In the final period, MSU came out with a lot of jump but failed to net the equalizer. Lee Reimer probably had the best chance just inside of 8 minutes to go as he one-timed a shot in the slot that was fought off by Grosenick. Union's Wayne Simpson iced the game away with a late power play marker. Shots for the game were 32-21 Union.
Union ended the game 1 for 4 on the power play. Michigan State was 1 for 3.
The Question is - Should The Goal Have Counted? It Did In Alaska.
In the NHL, there would be no doubt, the goal would count. However, this is college hockey, and the rule that has been quoted is Rule 16, Section 18-12 that "the net has to be in place when the puck crosses the goal line". Replays showed that Union player had dislodged the net, and the NCAA even admitted after the game that the player intentionally dislodged it. The issue there is you cannot call penalties on replays, but had Shepherd made the call on the ice - a penalty (or even a penalty shot) may have been awarded.
The rule quoted:
“If the goal cage has been moved or dislodged. The goal frame is considered to be displaced if any portion of the goal frame is not in its proper position (e.g., frame must be completely flat on the ice surface, goal posts must be in proper place and affixed securely in place with its pegs).”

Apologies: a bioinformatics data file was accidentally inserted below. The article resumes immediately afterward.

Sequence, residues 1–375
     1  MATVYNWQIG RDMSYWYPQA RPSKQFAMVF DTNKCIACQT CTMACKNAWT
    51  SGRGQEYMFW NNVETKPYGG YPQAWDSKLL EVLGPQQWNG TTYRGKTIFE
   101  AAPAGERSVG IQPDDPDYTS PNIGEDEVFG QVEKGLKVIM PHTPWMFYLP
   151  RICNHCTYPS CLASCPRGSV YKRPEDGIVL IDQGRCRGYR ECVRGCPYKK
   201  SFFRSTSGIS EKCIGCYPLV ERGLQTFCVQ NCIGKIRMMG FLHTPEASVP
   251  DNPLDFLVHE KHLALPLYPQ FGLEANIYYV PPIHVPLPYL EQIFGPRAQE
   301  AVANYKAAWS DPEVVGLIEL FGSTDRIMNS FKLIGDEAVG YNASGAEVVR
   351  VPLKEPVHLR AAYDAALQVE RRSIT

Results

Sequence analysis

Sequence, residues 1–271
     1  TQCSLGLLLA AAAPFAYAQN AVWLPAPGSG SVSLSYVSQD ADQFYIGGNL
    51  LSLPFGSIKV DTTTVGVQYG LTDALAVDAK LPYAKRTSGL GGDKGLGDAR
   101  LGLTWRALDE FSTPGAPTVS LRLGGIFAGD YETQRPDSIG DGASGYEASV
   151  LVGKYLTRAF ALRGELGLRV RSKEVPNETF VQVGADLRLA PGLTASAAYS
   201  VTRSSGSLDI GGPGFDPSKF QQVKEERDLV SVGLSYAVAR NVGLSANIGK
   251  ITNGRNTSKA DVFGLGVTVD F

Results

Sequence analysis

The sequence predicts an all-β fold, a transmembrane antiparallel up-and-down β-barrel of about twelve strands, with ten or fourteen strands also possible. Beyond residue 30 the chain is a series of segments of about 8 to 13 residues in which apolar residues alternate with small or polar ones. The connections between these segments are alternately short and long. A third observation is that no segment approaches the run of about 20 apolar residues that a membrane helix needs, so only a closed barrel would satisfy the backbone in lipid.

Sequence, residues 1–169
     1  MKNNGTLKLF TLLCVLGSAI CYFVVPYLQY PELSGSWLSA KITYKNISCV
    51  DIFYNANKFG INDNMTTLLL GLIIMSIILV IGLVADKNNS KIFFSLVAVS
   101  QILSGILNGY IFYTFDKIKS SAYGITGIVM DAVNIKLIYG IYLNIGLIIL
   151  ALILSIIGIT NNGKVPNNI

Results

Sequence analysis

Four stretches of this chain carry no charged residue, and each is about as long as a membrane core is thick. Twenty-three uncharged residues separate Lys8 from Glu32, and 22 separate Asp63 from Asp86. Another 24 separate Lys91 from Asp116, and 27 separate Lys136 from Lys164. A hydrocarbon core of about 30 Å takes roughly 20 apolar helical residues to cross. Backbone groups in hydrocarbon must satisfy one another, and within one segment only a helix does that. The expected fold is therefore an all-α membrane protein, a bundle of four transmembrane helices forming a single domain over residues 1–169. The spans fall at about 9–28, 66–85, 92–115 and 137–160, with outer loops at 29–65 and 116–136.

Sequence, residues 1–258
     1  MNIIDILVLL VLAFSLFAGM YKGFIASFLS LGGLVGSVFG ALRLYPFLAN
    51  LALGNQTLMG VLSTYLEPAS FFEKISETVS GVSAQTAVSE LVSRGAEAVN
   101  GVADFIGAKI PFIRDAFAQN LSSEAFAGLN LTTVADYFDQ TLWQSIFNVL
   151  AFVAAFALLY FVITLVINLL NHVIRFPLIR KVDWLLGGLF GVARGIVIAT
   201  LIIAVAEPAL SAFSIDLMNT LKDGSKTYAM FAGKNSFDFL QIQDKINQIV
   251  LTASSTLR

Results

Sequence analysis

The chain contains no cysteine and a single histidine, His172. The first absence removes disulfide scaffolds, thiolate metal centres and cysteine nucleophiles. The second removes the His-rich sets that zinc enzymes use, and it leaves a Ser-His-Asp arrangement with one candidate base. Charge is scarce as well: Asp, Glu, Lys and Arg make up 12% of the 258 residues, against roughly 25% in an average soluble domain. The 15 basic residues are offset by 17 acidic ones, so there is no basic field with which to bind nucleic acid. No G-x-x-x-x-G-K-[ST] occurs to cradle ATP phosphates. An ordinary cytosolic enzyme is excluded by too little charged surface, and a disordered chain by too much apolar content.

The NCAA also admitted the puck went in the net. So the question became what happened first, the puck crossing the line, or the net being dislodged. Now it should be made clear that the net seemed to come back into place, so it never was fully off its moorings. However, that doesn't matter. The net was lifted up - which is the action that Shepherd decided to waive the goal off on the ice. Replays proved to be inconclusive, so the on-ice call stood.
Coach Anastos said after the game that he trusts the process, but he would look at it. He also added that he was in a one-shot game, and they had a goal disallowed.
It appears, by the letter of the law, the officials made the correct call. However, the spirit of the game has lost today.
What might be even more ironic is the NCAA rules committee actually reviewed this rule last summer, but they decided not to change it - yet.
Awarding goals – net dislodged by defensive team. In many cases, the goal cage is knocked off – often unintentionally – by the defending team right before a goal is scored. Current rules do not allow an official to award a goal unless it is obvious and imminent and an egregious act occurs by the defensive team. The committee believes there are some goals that should count in these situations and plans to adjust these rules accordingly.